Wednesday, May 17, 2006

Eaton relying on her city council experience


By STEVE BENSON
Express Staff Writer

Tammy Eaton has served on the Bellevue City Council for six years. Photo by David N. Seelig

Four Democrats—Tammy Eaton, Carl B. Johnston, Larry Schoen and James B. Super—are battling in the May 23 primary for the Blaine County Commission's District 1 seat to represent the southern end of the county.

Dale Ewersen is the lone Republican vying for the seat and will therefore automatically advance to the Nov. 7 general election. Dennis Wright, who's retiring, has occupied the position since 1996.

All registered voters, not just those who live in District 1, can vote in the election.

The District 3 (north county) county commissioner seat also will be open this fall. The seat has been held by Sarah Michael, chair of the commission, since 2000. Michael's being challenged by Mickey Garcia, of Ketchum, who will also breeze past the primary since he's running as an Independent.

District 2 County Commissioner Tom Bowman was elected to a four-year term in 2004.

Tammy Eaton has served on the Bellevue City Council for six years, during which time the small city at the mouth of the Wood River Valley has undergone tremendous change.

"There has been a paradigm shift that has occurred in Bellevue with the way things used to be," said Eaton, who moved to Bellevue from Massachusetts 11 years ago. "Bellevue has grown exponentially and we've worked with just about every issue."

Because of that, Eaton feels her experiences on the city council "set me apart from all of the other candidates."

Married, with an 8-year-old daughter, Eaton worked as the civil administrator for the Blaine County Sheriff's Department for 10 years. She is devoted to her community and feels smart regional planning is the key to a successful future. Three years ago she enrolled in the Northwest Community Development and Planning Institute based in Boise. She'll graduate in July.

"If we don't take regional approaches then we are wasting our resources," said Eaton, who also has degrees in political science and paralegal studies. "I don't think taxpayers want us to waste our money.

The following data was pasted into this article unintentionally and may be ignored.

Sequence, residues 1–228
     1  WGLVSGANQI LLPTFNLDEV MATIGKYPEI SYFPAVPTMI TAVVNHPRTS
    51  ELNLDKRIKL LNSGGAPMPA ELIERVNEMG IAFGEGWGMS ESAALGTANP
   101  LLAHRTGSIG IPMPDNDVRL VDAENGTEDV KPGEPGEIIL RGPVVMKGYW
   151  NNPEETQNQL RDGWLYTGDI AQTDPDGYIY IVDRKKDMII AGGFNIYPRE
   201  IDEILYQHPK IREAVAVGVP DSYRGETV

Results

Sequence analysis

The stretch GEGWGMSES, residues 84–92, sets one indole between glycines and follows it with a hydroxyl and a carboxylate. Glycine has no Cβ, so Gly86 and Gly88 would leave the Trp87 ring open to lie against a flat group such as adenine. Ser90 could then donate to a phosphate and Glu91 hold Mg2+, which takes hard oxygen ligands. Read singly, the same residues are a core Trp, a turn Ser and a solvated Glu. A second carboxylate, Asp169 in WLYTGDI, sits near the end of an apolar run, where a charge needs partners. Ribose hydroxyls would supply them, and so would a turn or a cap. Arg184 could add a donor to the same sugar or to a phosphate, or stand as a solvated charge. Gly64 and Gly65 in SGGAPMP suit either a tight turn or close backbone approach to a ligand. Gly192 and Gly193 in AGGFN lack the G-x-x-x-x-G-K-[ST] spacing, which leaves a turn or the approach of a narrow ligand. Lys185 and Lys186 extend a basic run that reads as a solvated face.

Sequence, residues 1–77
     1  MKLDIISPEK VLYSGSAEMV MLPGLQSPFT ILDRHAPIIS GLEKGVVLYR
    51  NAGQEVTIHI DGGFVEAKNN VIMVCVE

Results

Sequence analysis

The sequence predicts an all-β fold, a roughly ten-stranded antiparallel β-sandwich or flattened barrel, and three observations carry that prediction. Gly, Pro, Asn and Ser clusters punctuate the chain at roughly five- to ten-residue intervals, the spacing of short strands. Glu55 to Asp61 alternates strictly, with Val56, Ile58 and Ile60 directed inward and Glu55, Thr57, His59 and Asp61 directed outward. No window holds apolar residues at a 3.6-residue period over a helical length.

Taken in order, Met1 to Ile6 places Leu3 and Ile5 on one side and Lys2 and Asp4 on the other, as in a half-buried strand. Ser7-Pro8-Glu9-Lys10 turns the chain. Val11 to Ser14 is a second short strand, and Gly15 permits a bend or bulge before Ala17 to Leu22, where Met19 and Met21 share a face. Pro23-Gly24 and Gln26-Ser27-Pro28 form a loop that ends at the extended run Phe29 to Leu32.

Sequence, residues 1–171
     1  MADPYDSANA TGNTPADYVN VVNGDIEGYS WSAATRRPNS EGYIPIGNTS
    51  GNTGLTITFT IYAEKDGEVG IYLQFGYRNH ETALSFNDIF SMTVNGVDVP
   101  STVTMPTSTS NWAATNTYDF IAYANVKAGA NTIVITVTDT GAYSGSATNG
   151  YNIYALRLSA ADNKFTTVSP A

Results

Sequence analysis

"We need to work together as a community."

Like the other candidates, Eaton treasures the county's natural resources, open space and agricultural land.

"The reason we all live here is for the backyard attached to our communities, not our homes," she said.

While she wants open space to remain protected, she also believes there needs to be a balance point.

The 2025 planning process, which the county commissioners will begin review of next week (a workshop will be held tonight), has some property owners crying foul. Many feel their property rights will be violated if the zoning ordinances pass.

"With anything we do there has to be a balance," Eaton said. "We will not satisfy every single need."

Eaton said one of the greatest challenges for the Bellevue council has been "balancing the needs of the community with our budget."

She feels the county needs to take a harder look at future costs, particularly in regards to services.

"The 2025 goals and objectives are important, and I agree with the level of planning that needs to be done," Eaton said. "But I'm disappointed...we went into the moratorium because of the cost of services (with future development) and when we come out of the moratorium in July we're not going to have any better stronghold on the cost of services."

Eaton said she's developed strong working relationships with other city leaders over the past six years.

"(Hopefully) I get to take that with me to the commission and foster that growth."




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